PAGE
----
Bruce’s repeated references to the ill-suited nature of the song for this night was further proof of just how much Bruce was trying to craft a setlist that somehow spoke to the specific conditions of this concert. He got back on that track with “Independence Day, the most surprising song played off The River given the stadium setting. Yet based on the introductory story that he told – which was almost identical to the one he shared during Oslo 2 – he was once again clearly inspired by being so close to the place where he was trying to break free from back when he wrote the song:
“I grew up in a town not far from here. It was a place where trees lined main street. I now understand that it can be very welcoming, but it didn’t feel that way at the time, especially if you didn’t fit in. So I wanted to get away – born to run, you know. This was one of the first songs that I wrote about my father. He was a non-communicative guy. I felt the only way I could have a conversation with him was through my music. So I’d make my records and bring them over to my parent’s house. My Mom forced my Dad to listen, so I knew he was listening…but he wouldn’t say anything to me about it. Years went by, and I would write another song, and then another, and then another. Nothing. No response. Nothing at all. 40 years went by, and when he was close to his death, I asked him, “Dad, what are your favorite songs of mine?” He said, “Oh, the ones about me!” I guess you gotta take your satisfactions where you can get them. This song is about two people sitting around a table during the summer, failing to communicate.”
This was the first time on this tour that Bruce specified the song was set during the summer. Once again, explaining the connection between the song and this night added so much emotional power to his performance, further proof that catering a setlist to the conditions of a given night can only improve a concert. After the expected stadium-pleasing two-pack of “Hungry Heart” and “Out in the Street,” Bruce spotted a sign that read: “I’m 13 and Growin’.” He brought the sign on stage and responded, “I remember 13, but I’m not gonna tell you why. BUT…‘I stood stone-like at midnight…’” It’s always nice hearing this oldie in the state where Bruce literally grew up.
Yet more than just being an ode to Jersey, the setlist also – some would say finally – seemed to comment on the current state of America. Considering how vocal Bruce has been in the past regarding his political views, many fans have been disappointed in Bruce’s relative silence on that front during this tour. Though he didn’t directly reference the shit show otherwise known as the current Presidential election, the stretch that began with “You Can Look (But You Better Not Touch)” and ended with “American Skin (41 Shots)” definitely felt like a commentary on a few of America’s most pressing contemporary problems.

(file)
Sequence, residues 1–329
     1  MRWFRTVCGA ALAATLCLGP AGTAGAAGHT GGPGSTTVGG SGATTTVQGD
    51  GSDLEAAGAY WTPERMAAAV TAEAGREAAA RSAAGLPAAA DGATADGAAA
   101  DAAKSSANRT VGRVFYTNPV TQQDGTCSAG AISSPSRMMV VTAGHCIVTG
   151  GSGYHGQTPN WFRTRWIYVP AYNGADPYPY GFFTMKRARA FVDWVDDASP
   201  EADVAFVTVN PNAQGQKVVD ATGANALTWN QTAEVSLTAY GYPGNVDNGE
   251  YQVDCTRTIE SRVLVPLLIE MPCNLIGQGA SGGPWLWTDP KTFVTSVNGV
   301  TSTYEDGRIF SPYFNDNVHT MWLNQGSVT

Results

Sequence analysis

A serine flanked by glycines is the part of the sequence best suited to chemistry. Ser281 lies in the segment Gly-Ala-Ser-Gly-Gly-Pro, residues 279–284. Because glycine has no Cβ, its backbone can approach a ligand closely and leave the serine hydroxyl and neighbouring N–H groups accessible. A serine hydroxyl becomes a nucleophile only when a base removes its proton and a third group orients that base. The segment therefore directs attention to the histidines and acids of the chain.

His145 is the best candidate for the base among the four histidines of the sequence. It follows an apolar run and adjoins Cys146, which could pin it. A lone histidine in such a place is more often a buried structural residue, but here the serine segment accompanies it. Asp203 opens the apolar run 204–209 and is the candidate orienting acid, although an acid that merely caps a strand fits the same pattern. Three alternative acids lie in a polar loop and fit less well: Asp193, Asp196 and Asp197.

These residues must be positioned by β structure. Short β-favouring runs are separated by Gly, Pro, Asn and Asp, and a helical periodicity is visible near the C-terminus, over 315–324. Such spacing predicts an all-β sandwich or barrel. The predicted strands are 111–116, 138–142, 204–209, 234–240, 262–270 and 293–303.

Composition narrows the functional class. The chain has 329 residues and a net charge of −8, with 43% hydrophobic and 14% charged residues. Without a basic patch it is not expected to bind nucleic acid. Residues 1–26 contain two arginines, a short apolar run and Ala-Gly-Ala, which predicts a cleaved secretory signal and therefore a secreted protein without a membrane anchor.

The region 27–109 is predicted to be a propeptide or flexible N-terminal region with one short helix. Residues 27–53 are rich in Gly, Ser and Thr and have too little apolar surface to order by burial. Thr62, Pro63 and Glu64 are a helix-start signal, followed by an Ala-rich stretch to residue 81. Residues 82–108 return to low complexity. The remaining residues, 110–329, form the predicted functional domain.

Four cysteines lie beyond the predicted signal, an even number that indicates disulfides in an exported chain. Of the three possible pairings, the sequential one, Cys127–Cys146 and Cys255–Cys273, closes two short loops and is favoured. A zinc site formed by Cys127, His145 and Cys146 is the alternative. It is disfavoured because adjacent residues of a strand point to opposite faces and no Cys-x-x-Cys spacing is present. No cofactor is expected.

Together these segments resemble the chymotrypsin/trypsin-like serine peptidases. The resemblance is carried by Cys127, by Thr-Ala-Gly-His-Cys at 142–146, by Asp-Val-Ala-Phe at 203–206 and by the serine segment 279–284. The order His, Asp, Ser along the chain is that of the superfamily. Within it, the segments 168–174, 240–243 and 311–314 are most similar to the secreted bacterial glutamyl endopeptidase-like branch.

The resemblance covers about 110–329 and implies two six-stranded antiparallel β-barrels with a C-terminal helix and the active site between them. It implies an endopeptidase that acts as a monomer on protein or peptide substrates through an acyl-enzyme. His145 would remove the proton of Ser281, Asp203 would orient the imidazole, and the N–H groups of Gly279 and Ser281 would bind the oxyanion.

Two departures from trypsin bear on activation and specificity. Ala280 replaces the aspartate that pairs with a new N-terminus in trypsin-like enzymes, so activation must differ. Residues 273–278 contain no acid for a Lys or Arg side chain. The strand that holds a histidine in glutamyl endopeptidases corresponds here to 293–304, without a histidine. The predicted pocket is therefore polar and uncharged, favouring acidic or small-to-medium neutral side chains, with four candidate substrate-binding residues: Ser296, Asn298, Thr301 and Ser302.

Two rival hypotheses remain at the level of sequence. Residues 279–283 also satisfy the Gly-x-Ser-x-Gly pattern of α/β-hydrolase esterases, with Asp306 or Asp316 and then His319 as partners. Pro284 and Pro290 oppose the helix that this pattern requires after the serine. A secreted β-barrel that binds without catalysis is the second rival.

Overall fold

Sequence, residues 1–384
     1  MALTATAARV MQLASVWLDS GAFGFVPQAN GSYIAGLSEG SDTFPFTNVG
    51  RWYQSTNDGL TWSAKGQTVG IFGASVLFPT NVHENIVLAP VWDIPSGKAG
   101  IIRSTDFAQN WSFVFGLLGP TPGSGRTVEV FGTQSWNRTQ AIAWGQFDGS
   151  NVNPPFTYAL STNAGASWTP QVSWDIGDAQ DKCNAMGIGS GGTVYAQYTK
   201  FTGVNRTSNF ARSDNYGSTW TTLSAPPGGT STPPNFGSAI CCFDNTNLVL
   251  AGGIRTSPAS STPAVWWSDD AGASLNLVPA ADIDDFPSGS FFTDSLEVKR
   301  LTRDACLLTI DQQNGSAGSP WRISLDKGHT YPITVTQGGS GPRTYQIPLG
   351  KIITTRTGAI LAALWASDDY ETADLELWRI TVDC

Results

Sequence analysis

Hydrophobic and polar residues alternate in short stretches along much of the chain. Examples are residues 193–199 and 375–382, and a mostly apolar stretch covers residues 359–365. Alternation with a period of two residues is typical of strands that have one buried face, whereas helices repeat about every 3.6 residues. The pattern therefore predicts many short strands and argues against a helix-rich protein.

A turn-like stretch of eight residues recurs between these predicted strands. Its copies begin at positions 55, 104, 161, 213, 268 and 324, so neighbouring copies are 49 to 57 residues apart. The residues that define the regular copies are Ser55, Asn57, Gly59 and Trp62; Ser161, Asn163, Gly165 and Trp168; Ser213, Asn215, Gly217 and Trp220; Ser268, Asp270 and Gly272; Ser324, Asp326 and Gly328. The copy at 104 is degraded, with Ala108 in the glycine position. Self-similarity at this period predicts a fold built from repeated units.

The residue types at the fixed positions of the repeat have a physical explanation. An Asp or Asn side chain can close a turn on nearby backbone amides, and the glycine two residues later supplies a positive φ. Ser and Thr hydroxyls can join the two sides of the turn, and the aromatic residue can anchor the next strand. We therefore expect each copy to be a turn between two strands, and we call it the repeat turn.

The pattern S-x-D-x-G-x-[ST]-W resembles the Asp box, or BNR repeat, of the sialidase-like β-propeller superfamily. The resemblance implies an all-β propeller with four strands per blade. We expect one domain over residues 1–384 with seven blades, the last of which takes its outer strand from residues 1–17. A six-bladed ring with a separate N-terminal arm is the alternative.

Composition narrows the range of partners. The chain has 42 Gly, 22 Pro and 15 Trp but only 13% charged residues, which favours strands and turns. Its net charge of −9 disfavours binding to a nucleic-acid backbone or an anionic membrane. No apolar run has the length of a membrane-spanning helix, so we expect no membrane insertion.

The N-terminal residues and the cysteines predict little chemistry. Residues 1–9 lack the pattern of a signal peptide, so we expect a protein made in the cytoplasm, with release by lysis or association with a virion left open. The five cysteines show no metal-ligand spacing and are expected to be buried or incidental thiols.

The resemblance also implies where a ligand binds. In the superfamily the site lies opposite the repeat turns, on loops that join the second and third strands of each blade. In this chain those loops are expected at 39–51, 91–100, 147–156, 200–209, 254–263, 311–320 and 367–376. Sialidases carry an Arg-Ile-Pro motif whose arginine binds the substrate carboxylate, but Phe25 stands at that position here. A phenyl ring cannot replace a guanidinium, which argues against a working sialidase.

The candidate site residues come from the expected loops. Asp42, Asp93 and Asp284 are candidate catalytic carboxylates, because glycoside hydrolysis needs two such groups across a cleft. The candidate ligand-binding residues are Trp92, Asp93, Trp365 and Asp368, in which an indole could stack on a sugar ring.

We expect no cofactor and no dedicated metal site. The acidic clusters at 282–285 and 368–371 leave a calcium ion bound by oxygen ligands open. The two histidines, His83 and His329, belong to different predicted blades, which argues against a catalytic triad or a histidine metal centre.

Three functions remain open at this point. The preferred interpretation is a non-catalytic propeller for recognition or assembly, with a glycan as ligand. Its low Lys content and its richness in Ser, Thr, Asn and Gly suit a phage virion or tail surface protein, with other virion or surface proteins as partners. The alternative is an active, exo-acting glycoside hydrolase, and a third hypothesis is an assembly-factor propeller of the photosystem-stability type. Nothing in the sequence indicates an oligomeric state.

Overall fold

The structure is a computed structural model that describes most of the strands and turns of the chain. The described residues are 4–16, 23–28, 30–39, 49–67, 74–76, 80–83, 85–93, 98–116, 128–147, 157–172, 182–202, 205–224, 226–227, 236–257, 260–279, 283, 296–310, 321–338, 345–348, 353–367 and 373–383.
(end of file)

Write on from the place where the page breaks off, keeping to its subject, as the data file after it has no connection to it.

“Wait…” you may be shouting at your computer/iPad/cell phone/tablet/etc, “…did you just claim that ‘You Can Look’ – one of the slightest tracks on The River that seems to have nothing on its mind except sex – was a part of Bruce’s intended political statements?!” Yes, yes I did. It’ll all become clear in a few paragraphs.
To explain, I’m going to start with the story that Bruce told to introduce “Mansion on the Hill” two songs later:
“When I was five or six or seven living with my grandparents, our entertainment would be taking a drive and stopping at Jersey Freeze. [Huge cheer from the crowd] Who’s been to the Jersey Freeze?! [Ditto. He laughs] They only had two flavors: chocolate and vanilla. But I didn’t like either; I only liked the cones. This guy who worked there would save them for me. We’d stop there, and then go home along a back road with a big telephone pole over it. There were lights shining on its side. The road led to the foot of this hill with a big mansion on top. My father would stop, and we’d LOOK at the mansion, but we’d only ever see the outside – never the inside. It’s a memory.”
More than just a memory, the story and song – released during the Presidency of Ronald Reagan, who some blame for introducing policies that ultimately led to many of the problems with America’s economy today that inspired the likes of Magic and Wrecking Ball – beautifully captures the current, stark financial divide between the upper and lower classes in this country. The characters that populate the song can only look at, but cannot touch the world of the wealthy people who live in hilltop mansions…